Carrying a firearm openly in the state of Florida is a second degree misdemeanor — unless one is going hunting, fishing, target shooting or camping, then as long as one is law-abiding, as in not prohibited from carrying a firearm, one can openly carry.
Throughout the year, gun-rights supporters from around the state use the letter of the law to their advantage, openly toting a firearm along with a fishing pole in an effort to normalize non-gun owners to the site of armed citizens out in public.
Indubitably, these demonstrations always invite media scrutiny and coverage leading to a discussion of whether the putative “loophole” needs to be closed to outright ban open carrying in the Gunshine State under any circumstances or more fundamentally if one’s Second Amendment rights even includes the right to carry openly.
The latest event to draw the media spotlight was in Jacksonville Beach, where members of the pro-2A organization Florida Carry walked along the pier with their fishing lures, boxes, poles and, of course, their sidearms.
“Most people go ‘I didn’t know you could do that,'” said Chuck Berlinghoff, a member of the group, who participates in the monthly demonstration which occurs on the second Saturday of the month, to First Coast News.
Florida residents who wish to carry openly can simply tote a fishing rod, argue some critics of the law. (Photo credit: First Coast News)
In addition to raising public awareness about the laws and about one’s right to carry, the group also wants to ensure law enforcement officers are well-informed about the issue.
Activist Jeff Gray, whose had multiple encounters with police, said that sometimes officers are aware of the law and other times he gets asked questions.
“Some counties I go to, they are not knowledgeable about the law and wind up detaining me and drawing guns on me and searching me, seizing my property,” said Gray.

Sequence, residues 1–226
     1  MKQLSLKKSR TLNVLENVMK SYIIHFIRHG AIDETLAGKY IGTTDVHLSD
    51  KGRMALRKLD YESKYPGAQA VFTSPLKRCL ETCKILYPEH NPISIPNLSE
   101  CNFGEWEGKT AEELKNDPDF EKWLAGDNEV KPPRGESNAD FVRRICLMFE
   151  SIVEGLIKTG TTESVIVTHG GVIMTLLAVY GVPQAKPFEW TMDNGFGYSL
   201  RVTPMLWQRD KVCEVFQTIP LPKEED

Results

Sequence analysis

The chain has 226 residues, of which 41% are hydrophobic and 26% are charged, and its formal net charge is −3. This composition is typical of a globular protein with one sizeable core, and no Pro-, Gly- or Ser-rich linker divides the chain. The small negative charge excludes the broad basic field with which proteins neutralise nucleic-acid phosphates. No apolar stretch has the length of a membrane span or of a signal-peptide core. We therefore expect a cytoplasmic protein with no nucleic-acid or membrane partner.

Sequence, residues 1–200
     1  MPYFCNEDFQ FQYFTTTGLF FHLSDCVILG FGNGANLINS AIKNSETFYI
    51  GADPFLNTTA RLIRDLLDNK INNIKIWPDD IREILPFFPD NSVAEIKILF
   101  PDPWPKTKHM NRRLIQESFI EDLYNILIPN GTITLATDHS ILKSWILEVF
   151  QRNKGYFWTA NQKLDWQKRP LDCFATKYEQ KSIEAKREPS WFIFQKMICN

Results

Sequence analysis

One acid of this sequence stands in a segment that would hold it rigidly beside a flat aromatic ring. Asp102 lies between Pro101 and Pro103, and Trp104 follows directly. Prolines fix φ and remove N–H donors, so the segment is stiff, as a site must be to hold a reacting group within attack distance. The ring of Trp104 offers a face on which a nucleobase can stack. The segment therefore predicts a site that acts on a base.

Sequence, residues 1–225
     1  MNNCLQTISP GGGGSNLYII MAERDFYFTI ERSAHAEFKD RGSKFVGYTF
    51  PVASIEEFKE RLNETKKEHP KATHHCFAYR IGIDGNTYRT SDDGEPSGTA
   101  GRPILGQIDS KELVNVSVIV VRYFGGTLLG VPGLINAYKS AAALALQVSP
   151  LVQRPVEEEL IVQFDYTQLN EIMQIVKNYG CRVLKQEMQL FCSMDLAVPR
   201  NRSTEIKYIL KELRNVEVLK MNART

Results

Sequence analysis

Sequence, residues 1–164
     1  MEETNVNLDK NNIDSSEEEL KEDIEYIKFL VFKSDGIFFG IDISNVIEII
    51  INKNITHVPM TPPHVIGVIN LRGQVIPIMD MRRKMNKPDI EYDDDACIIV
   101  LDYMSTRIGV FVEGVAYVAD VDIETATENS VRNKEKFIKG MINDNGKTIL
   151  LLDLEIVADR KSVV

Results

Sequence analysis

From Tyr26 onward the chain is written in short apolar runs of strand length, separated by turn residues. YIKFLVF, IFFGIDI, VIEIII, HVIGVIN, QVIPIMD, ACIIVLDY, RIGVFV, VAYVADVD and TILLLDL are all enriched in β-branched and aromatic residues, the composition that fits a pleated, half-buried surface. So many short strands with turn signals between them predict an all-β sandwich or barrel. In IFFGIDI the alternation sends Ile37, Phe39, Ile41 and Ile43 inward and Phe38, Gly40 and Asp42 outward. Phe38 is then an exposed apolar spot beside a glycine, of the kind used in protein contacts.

Gray typically documents his encounters with police on his camera, subsequently posting the videos to Youtube, which has led to criticism that he is trying to bait them.
“The cops come up and ask what are you doing, ‘you know I’m fishing and hunting’, okay cool that’s you’re right have a good day,” said Gray, describing some of the friendly run-ins he’s had.
“So I didn’t bait them into knowing the law and protecting my rights, so I didn’t bait the officers that didn’t know the law into violating my rights,” he explained.
On the question of whether there is a loophole in the law, Marion Hammer, the founder of Unified Sportsmen of Florida and the National Rifle Association’s lobbyist in Florida, argued that there is no such thing.
“There is no so-called “loophole” in the law,” explained Hammer in an email to Guns.com “The law recognizes the right to carry firearms for lawful purposes as intended by the Constitution.”
Hammer went on to explain that the law was written in a manner to clarify that there is no loophole, moreover that those who “chose to try to skirt the law to make a point are violating the law and they do so at their own peril.”
“They are not using a so-called ‘loophole’ they are willfully violating the law,” she continued. “It’s that simple and law enforcement knows that.”
The former NRA president went on to say that attempts to bring negative attention to the law are encouraged by law enforcement officials who are solely focused on making things easy for police officers.
“St. Johns County Sheriff, David Shoar, is a lobbyist for the Florida Sheriffs Association,” explained Hammer. “And their anti-gun leadership is only concerned about the ‘convenience of law enforcement’ — that is very obvious in their statements and actions.”